[Chattanooga Film Festival Review] MIND BODY SPIRIT

[Chattanooga Film Festival Review] MIND BODY SPIRIT
At any given moment of any day, millions of people flock to the internet for answers, entertainment, and even for more nefarious reasons. For every safe space that can be found online, there are at least ten different corners of the web filled with all levels of debauchery and depravity. Anonymous souls with such handles as RiversOfGore and Torture_Compilation do not reveal any personal information about themselves because they let their names let everyone know what they are looking for. And while some corners of the world wide web clearly advertise themselves as corrupt, others try a more uplifting approach.

However, in the directorial debut of Alex Henes and Matthew Merenda, their film MIND BODY SPIRIT shows the darkness that lurks even in the most wholesome situations. In an attempt to stifle some of the darkness in the world, our main character Anya (Sarah J. Bartholomew) hopes to fill her life (and possibly others) with refreshing and positive thoughts. She teaches us how to find peace, balance our mind and body, eat healthily, and of course, conjure evil spirits.

Anya, the enthusiastic (and amateur) yoga instructor loves good physical, mental, and emotional health, and she wants to encourage others to take life-improving risks. After inheriting a really nice house, she takes this amazing opportunity to try her luck at becoming an influencer. The chipper and awkward clips show the character’s motivation to try something new, but also the frustration she feels because of her limitations. She struggles to find her brand and while she aspires to very lofty goals, she does not have the know-how nor the skills to propel her to the level of internet famous. We get a sense she is starting over in her life and trying to reinvent herself. And while yoga might not show her the answer, maybe the creepy hidden passage in her new house will help.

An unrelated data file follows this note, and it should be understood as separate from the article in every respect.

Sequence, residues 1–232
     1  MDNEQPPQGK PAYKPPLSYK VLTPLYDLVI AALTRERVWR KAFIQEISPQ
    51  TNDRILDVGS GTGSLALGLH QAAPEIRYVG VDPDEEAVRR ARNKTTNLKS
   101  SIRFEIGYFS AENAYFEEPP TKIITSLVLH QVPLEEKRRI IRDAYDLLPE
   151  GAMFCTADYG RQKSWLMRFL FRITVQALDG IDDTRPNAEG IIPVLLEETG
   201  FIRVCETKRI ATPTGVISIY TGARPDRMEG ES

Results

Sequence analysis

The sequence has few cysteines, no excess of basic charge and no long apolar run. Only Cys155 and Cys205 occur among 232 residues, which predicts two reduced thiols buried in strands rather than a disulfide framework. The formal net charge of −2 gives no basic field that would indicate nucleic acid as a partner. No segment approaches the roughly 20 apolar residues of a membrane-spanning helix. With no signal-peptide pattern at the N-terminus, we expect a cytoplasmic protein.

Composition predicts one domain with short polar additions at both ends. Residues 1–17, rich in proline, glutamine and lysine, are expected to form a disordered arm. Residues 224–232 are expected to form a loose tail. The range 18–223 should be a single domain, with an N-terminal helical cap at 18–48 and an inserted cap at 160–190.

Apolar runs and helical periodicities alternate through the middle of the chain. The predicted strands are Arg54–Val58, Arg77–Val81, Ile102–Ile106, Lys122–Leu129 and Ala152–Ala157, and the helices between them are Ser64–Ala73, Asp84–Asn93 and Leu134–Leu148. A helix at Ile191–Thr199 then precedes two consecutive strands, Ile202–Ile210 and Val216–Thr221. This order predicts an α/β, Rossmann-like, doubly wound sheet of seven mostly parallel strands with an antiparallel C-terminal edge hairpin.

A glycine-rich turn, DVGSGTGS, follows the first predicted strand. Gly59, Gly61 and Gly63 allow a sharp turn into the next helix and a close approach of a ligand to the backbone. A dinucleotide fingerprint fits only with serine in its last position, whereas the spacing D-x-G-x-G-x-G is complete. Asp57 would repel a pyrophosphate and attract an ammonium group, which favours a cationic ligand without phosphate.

Anya finds some interesting relics from her grandmother’s past stowed away in a secret room in her home. Finding mysterious books and obviously haunted passageways seems like a super marketable idea for a channel. However, she remains dedicated to her yoga lessons, determined to make her videos the most important part of her daily life. She keeps recording her yoga tutorials and tries to convince her mother that her new life is worth living.

Every piece of film presented to the viewer comes as either an unedited video or a Zoom call. We only see Anya through the lens of a laptop or her phone’s camera, which means we never see how Anya sees herself. We see how her judgmental mother sees her or how the unseen nameless internet audience observes her. Merenda and Henes play with the traditional tale of a person moving into a haunted house, but they let the familiar media of internet clips tell their story. The stringing together of short videos punctuated with the loading wheel and even diegetic ads makes the film imitate the feeling we are watching a YouTube playlist.

As the story progresses, Anya’s actions become less performative and more like voyeuristic observations as the camera continues to watch her. Through the use of long takes, the directors build tension as the unblinking eye of the camera forces us to stare at Anya. Even when there are pleas to cut and stop recording, the camera continues to look. Much like any influencer, the longer they expose themselves and remain under the gaze of others the more they lose themselves. And aside from these uncomfortable lengthy shots creating moments of anticipation, they can also hypnotize and lull the viewer into a state of false security.

The creepiness of MIND BODY SPIRIT starts pretty quickly and even when it appears we are witnessing a calm conversation, there is actually something sinister lurking somewhere in frame. The story follows similar premises seen throughout the found-footage subgenre, but Bartholomew’s exceptional portrayal of Anya and the director’s use of space and the 360-degree camera pan provide enough unique visual qualities to make the story stand out.

MIND BODY SPIRIT played as a part of the 2023 Chattanooga Film Festival.

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